# Simple Calculator in PHP (OOP principles)

So lets build a calculator which does the following.
2) Multiplication
3) Division
4) Subtraction

The folder and file structure is given below Lets get the html index.php sorted first, so whats in it?

<?php

?>

<!DOCTYPE html>
<html lang="en">
<meta charset="UTF-8">
<meta name="viewport" content="width=device-width, initial-scale=1.0">
<meta http-equiv="X-UA-Compatible" content="ie=edge">
<title>Document</title>
<body>

<form action="includes/calc.inc.php" method = "post">

<p>Calculator V01</p>
<input type= "number" name="num1" placeholder="First number">
<select name="oper" >
<option value="sub"> Substraction </option>
<option value="div">Division </option>
<option value="mul">Multiplication </option>
</select>
<input type="number" name="num2" placeholder="Second number">
<button type="submit" name="submit">  Calculate</button>

</form>

</body>
</html>


And here is the code we have in class-autoload.inc.php

<?php

function myAutoLoader($className){$url= $_SERVER['HTTP_HOST'].$_SERVER['REQUEST_URI'];

if(strpos($url, 'includes')!==false){$path = '../classes/';
}
else{
$path = 'classes/'; }$extension = '.class.php';
require_once $path.$className.$extension; }  Then we look at the calculator class file which is calc.class.php <?php class Calc{ public$operator;
public $num1; public$num2;

public function __construct(string $one, int$two, int $three){$this->operator = $one;$this->num1 = $two;$this->num2 = $three; } public function calculator(){ switch ($this->operator) {
$result =$this->num1 + $this->num2; return$result;
break;
case 'sub':
$result =$this->num1 - $this->num2; return$result;
break;
case 'div':
$result =$this->num1 / $this->num2; return$result;
break;
case 'mul':
$result =$this->num1 * $this->num2; return$result;
break;

}
}

}


Then the next file is calc.inc.php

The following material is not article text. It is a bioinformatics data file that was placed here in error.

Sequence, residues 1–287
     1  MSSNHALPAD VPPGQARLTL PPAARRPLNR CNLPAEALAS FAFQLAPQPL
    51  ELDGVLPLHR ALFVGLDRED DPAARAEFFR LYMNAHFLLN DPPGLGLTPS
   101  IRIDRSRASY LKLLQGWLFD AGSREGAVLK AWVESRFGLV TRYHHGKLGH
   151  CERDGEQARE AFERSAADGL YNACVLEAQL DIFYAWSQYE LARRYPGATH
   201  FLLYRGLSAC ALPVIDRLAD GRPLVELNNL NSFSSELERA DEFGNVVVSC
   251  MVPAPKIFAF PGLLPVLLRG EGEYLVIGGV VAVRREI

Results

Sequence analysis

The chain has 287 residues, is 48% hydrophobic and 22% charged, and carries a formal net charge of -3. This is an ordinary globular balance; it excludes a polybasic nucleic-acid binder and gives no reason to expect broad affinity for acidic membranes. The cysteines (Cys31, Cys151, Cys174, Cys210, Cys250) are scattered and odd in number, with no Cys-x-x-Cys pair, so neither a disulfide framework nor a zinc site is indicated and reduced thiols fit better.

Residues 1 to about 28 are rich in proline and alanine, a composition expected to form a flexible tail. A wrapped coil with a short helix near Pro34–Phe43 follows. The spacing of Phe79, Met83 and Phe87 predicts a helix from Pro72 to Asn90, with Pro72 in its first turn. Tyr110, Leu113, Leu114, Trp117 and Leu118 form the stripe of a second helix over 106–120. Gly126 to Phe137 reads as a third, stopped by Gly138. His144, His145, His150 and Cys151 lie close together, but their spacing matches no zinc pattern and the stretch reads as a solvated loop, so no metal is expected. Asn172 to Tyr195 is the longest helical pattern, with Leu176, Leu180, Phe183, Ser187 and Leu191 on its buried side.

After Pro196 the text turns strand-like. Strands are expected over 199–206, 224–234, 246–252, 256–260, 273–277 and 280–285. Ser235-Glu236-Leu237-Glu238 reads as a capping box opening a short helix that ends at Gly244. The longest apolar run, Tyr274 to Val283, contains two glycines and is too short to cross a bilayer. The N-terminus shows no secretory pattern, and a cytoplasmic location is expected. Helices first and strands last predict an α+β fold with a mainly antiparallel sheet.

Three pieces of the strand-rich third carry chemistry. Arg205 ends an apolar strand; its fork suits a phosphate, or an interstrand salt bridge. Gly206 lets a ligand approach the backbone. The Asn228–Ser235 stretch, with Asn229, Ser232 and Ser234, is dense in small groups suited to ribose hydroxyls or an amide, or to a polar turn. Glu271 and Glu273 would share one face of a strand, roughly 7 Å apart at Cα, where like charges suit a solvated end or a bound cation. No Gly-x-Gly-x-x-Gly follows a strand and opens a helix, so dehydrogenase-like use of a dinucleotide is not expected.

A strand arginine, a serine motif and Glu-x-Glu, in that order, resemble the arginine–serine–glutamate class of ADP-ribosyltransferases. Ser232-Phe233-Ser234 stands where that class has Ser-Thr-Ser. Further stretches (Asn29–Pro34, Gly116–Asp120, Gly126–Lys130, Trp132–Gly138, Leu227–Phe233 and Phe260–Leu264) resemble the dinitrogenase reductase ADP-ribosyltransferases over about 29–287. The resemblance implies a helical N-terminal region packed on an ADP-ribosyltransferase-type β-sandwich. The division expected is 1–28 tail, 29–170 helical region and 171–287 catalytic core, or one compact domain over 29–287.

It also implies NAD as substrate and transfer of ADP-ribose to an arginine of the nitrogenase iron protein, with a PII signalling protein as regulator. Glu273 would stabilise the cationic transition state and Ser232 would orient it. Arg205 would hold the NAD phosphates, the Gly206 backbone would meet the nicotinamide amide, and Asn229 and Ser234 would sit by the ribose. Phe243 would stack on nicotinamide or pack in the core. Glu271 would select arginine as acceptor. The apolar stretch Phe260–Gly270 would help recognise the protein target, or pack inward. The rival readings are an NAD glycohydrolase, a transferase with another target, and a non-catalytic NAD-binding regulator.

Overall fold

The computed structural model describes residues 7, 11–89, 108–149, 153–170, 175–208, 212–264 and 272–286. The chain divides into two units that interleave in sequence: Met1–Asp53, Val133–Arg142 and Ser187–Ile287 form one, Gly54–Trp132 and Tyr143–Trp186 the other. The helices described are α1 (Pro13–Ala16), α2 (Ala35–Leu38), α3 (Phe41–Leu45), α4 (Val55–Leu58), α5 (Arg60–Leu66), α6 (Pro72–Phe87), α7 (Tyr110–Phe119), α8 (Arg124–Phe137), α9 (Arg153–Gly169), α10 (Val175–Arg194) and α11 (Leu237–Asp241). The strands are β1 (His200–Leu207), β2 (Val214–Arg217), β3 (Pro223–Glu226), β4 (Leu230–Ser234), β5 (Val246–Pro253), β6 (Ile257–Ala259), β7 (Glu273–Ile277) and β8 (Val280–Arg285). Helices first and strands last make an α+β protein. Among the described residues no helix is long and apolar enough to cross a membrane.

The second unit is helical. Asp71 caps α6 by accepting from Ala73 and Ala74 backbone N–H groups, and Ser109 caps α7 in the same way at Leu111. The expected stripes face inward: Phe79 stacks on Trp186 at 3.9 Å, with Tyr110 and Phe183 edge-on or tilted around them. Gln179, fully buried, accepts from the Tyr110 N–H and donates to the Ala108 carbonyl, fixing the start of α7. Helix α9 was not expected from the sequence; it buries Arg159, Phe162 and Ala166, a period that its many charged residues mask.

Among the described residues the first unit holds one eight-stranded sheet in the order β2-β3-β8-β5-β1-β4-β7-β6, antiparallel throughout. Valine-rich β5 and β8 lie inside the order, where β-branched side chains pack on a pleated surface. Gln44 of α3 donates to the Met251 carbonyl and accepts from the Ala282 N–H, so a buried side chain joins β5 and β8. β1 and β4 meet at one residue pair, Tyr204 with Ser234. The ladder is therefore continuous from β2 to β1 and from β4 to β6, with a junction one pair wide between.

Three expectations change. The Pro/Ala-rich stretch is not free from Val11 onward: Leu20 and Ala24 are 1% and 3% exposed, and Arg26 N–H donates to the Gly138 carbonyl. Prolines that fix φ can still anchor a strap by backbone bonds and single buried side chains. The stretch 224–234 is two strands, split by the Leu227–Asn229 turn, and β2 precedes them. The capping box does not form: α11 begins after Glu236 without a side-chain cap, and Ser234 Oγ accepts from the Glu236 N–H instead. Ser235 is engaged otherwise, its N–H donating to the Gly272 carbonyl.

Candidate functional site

<?php

$oper =$_POST["oper"];
$num1 =$_POST["num1"];
$num2 =$_POST["num2"];

$calc = new Calc($oper,$num1,$num2);

try {
echo $calc->calculator(); } catch (TypeError$e) {
echo "Error!: " .$e->getMessage(); } ?>  When we load this up on xampp we can see the following. I have created a small video on this https://youtu.be/lU23DLYte6w ### Discussion Fine but let's me add a bit of code <?php class Calc{ public$num1;
public $num2; public function __construct(int$two, int $three){$this->num1 = $two;$this->num2 = $three; } } class CalcService{ // public$operator; // it is not required, this value has a short life.
public static function calculator($operator,$calc){
switch ($operator) { case 'add':$result = $calc->num1 +$calc->num2;
return $result; break; case 'sub':$result = $calc->num1 -$calc->num2;
return $result; break; case 'div':$result = $calc->num1 /$calc->num2;
return $result; break; case 'mul':$result = $calc->num1 *$calc->num2;
return $result; break; } } }  Your original class usually is called the Business Object Class. It's a class that groups the fields and the logic (methods). While it works in the short run but it tends to fail in the long run (biggest projects). So, our calc.inc.php could be written as follow <?php include 'class-autoload.inc.php';$oper = $_POST["oper"];$num1 = $_POST["num1"];$num2 = $_POST["num2"];$calc = new Calc($num1,$num2);

try {
echo CalculatorService($oper,$calc);
} catch (TypeError $e) { echo "Error!: " .$e->getMessage();
}

?>


Why the change?

Let's say our code uses the database. So, if we have a class for the data and another class for the methods, then we could add a third service class for all methods that involve the database, for example, CalculatorRepo, CalculatorDao or CalculatorDAL.

i.e. we are doing SRP.

It is nothing special. For example, a Webservice is exactly a service class but shared via web. Our first class (Calc) usually is called the MODEL.

Even more, we could do a method that fetches (\$_POST) the values from the post and creates the model Calc (if the information is right).

Thanks heaps :)